Isle Of Dogs
Cast: Greta Gerwig, Scarlett Johansson, Bill Murray, Edward Norton, Bob Balaban, Tilda Swinton, Frances McDormand, Bryan Cranston, Jeff Goldblum, F. Murray Abraham, Harvey Keitel, Akira Ito, Akira Takayama, Koyu Rankin, Courtney B. Vance, Yoko Ono, Mari Natsuki, Liev Schreiber, Yojiro Noda, Frank Wood
Director: Wes Anderson
There really is nothing else like a Wes Anderson-directed stop-motion animated film, and it’s especially true of Isle of Dogs, the latest one-of-a-kind creation from the mind of this unique master filmmaker. Isle of Dogs is a very Japanese film, set entirely in a retro-future Japan where dogs have been outlawed by cat-loving government villains. It's endlessly imaginative, unlike anything I've ever seen before, with incredible detail in every single frame. So much so, that it's almost impossible to keep up with all of it. The film is at times amusing and funky, with plenty of Anderson's typical quirky humour and wacky characters galore. The problem though is that it’s intensely clunky and heavily over-burdened with complex information and detail that doesn’t entirely connect – although there is an undeniable charm that just about gets it over the line. Isle of Dogs introduces us to a weird, alternative version of Japan where dog lovers have been overruled by cat lovers, and thanks to an outbreak of canine disease, the government has convinced the masses to banish dogs to Trash Island. A 12-year-old boy name Atari, goes off on his own to find his dog Spots, the very first dog to be sent to the island. He clumsily embarks on an adventure to find and bring his mutt home, encountering a pack of wild dogs living on the island, who try to help him. This is where the complexity kicks in, with narrative threads involving the government via a rang of nefarious oddball characters.
The character design, set design, cinematography and voices are wonderfully creative and captivating, but the film's biggest problem is bringing all of this together in a coherent way. It's structured to be a very Japanese film - there are chapters and title cards entirely in Japanese, along with other cuts to flashbacks and asides to explain parts of the story. However, with so much going on, the film occasionally loses its charm. There's a dog loving (or as they say in the film: "pro-dog") element to the film however, that keeps it afloat, and in the end, manages to keep it the right side of endearing.
Cast: Claire Foy, Joshua Leonard, Juno Temple, Aimee Mullins, Amy Irving, Jay Pharaoh
Director: Steven Soderbergh
Duration. 98 mins.
As just about everyone and their granny is now aware, Unsane was apparently filmed with an iPhone 7 plus, the lensing of which helps fuel the paranoia-feel/down-the-scale resolution tone. Soderbergh’s film centres on the subject of stalking, with Claire Foy successfully adopting an authentic American accent, and playing the unfortunate stalkee, operating under the ludicrous moniker of Sawyer Valentini. Her prior experiences with a pathetic nutjob stalker are still lodged in the forefront of her psyche - and despite having arranged a restraining order against the culprit and constantly moving home all around the country, she seems unable to lose this character. So much so that the dodgy and anti-climactic Tinder date which follows is the least of her worries. Her efforts to escape her tormentor lead to a consultation with a seemingly well-intended therapist, who manipulates her into signing herself away into a behavioural centre for 24 hours. Her bewilderment is exacerbated when one of the centre’s staff appears to be the dreaded one and only - her prior stalker – and with this revelation, Soderbergh musters up a seductive sense of dread and escalating situational horror.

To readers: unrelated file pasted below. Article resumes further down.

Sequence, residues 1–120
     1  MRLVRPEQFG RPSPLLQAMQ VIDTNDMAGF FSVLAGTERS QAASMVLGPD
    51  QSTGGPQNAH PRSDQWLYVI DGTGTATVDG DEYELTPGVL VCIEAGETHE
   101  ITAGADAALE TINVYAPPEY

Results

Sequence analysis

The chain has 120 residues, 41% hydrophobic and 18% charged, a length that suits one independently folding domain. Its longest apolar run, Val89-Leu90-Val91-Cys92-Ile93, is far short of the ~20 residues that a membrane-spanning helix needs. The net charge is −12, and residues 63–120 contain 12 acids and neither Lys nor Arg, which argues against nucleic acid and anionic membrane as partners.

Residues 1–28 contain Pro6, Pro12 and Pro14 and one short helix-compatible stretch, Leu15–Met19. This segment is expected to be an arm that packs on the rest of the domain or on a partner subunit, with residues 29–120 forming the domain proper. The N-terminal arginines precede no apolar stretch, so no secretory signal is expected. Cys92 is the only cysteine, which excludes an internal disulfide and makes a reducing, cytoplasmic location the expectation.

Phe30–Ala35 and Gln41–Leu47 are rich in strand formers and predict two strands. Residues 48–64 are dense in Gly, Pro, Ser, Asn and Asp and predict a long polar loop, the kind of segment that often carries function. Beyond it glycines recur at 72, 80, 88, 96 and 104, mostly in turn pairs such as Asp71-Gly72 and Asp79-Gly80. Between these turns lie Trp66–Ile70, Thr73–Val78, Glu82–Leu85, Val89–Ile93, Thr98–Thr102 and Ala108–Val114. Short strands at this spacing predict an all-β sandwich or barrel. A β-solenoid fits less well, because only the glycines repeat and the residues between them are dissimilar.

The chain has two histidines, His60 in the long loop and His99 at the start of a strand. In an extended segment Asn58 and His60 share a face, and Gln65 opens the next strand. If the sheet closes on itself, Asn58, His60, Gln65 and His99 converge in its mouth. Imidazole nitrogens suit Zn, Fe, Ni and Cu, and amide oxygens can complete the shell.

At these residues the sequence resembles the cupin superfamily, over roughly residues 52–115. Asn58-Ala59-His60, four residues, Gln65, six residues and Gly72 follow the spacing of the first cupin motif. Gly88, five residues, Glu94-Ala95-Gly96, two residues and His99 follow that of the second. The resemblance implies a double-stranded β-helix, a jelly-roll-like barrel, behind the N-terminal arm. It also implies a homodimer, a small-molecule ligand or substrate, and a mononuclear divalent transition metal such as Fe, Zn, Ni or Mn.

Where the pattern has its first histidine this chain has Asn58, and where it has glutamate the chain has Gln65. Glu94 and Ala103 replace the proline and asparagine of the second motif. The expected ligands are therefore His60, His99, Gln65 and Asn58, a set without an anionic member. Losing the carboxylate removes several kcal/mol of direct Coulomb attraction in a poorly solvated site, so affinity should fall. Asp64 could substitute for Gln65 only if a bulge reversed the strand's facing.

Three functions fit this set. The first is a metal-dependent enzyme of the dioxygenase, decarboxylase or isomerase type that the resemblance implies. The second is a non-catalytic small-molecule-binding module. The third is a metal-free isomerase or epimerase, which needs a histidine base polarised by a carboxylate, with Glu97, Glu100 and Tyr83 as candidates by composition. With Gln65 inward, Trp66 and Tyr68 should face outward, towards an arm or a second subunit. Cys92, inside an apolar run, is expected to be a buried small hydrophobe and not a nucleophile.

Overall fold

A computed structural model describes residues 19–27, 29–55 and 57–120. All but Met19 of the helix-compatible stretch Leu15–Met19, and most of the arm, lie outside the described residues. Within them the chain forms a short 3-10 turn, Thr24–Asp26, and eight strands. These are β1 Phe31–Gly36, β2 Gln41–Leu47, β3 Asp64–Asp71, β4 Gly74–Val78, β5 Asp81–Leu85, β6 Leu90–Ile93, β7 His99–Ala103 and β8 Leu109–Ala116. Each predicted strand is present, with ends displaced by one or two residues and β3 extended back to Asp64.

What he doesn’t do, however, is suspend the mystery, as the revelation that the staff member is indeed who Valentini thinks he is, is confirmed early on. Don’t be miffed however as that’s not a spoiler. Unsane is less about the questions surrounding the mind-frazzled perspective of Valentini, and more about how she copes with her pursuant. It assuredly takes some time to re-adjust, but the film’s serpentine narrative will have you squirming in your seat in next to no time. Foy is excellent here - offering a queasy sadistic edge which sets her apart from her previous roles and indeed from the atypical victim character model. Actually on occasion throughout the running time, it’s difficult to establish who is the prey and who is the hunter in this twisted relationship. Less defined however is her assailant (Joshua Leonard). Unfortunately, all the stalker stereotypes are at play here, as he exaggerates everything in sight – which requires more suspension of belief than the machinations of his plan to get hold of Valentini.
Juno Temple, too, languishes in a role as a deranged mentally-ill patient, a damaging representation of an undeservedly maligned fringe group. In the end, her character amounts to nothing more than a blatantly foreshadowed plot point. The first two acts are rivetting, but the more ridiculous Unsane becomes, the more it lulls. Yet despite that, it remains intensely watchable – Soderbergh is unafraid to go for the dark and dirty, and the fate of more than one character plays out in excruciating fashion. His film is ridiculously entertaining stuff, and is fully committed to the atmosphere readily splattered into life by its bravura camerawork - and with Claire Foy’s terrific, full-throttle performance it’s a fine match for its gripping low-budget flourishes.